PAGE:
Politics, Science, and Religion.
And sometimes intersections among them
I think it's uncanny how the movie ends on such an emotional note and elicits the ovations described in the linked article. I couldn't remember the last time an audience gave a strong, well-rounded ovation at the end of a movie. I say F 9/11 among many who were not obviously leftist anti-Bushies, and they clapped with nearly as much vigor as everyone else when the movie concluded.A lot of the movie's power has to do with the honest, straightforward handling of the interviews with the soldiers. Moore shows the good and the bad, and allows reality to speak for itself. I'm extremely thankful he walked that tightrope successfully, since conservatives are eager to charge the left with bashing the military.Anyways, here's hoping Fahrenheit tops $100 million in a well-publicized fashion.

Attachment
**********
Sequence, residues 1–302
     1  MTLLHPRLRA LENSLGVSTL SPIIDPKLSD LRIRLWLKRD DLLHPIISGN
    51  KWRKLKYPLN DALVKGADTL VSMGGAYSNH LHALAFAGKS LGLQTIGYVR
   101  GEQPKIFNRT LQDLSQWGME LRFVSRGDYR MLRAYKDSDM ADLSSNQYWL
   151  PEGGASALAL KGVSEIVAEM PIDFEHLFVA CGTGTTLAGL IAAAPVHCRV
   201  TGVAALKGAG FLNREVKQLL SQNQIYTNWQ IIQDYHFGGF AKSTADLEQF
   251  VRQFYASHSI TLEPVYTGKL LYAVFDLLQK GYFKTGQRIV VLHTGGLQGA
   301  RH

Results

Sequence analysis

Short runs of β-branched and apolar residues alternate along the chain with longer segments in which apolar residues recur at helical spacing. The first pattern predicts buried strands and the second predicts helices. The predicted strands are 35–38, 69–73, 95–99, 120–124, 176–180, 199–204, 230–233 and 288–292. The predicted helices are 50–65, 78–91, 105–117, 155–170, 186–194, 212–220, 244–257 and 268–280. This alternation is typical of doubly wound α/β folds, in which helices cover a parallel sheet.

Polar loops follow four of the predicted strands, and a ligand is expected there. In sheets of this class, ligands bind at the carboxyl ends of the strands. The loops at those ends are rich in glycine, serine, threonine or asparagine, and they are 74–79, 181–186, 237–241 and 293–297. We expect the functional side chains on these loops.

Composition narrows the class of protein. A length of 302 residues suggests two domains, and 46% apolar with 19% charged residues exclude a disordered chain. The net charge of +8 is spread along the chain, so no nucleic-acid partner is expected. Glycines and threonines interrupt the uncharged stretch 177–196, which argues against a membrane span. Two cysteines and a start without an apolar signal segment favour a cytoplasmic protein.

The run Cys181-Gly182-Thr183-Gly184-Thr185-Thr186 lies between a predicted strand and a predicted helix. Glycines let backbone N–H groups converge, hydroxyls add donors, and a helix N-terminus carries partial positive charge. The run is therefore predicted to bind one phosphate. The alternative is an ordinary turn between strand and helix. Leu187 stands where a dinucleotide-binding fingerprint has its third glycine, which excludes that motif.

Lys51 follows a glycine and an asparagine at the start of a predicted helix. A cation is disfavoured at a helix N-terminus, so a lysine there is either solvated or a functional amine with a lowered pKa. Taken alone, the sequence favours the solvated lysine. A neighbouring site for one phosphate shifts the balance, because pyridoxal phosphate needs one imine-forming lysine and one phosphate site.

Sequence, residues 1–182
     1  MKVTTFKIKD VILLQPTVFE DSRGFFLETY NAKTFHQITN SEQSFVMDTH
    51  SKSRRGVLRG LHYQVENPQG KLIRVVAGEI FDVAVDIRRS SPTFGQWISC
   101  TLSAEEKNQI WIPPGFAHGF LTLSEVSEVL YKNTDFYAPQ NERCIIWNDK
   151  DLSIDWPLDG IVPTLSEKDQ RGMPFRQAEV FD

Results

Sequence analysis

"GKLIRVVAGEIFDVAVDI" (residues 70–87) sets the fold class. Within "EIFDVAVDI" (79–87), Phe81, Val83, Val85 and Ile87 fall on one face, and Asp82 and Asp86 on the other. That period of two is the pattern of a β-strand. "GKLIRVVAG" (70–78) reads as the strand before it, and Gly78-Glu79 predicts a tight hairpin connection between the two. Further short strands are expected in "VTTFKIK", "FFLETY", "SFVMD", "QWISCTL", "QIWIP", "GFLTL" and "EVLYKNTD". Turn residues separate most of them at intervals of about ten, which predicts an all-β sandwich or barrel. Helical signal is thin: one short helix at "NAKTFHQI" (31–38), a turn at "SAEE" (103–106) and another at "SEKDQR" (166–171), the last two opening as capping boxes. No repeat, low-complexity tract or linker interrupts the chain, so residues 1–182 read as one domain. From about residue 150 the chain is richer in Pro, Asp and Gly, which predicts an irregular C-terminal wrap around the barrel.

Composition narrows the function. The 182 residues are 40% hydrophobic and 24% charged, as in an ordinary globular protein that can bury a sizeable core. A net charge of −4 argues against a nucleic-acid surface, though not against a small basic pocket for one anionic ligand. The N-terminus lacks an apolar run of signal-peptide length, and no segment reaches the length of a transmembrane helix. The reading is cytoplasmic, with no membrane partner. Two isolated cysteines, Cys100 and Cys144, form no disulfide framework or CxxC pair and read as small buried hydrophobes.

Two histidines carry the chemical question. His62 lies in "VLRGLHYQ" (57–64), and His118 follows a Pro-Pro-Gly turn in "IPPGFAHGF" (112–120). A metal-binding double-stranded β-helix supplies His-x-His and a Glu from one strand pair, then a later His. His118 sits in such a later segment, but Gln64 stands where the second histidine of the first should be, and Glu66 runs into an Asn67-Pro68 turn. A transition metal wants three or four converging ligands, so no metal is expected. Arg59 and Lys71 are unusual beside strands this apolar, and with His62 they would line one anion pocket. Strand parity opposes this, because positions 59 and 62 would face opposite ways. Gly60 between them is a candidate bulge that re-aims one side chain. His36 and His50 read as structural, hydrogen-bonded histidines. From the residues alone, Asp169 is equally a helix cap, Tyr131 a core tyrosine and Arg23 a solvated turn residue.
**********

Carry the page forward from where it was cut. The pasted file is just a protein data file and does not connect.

I just saw the movie myself yesterday. Michael has indeed put together a powerful piece. Having lived through the Vietnam era I had thought that our country would have learned about the tragic human cost of war and would thereby never engage in it without an overpoweringly good reason. It's really sad that we have to learn this lesson again.
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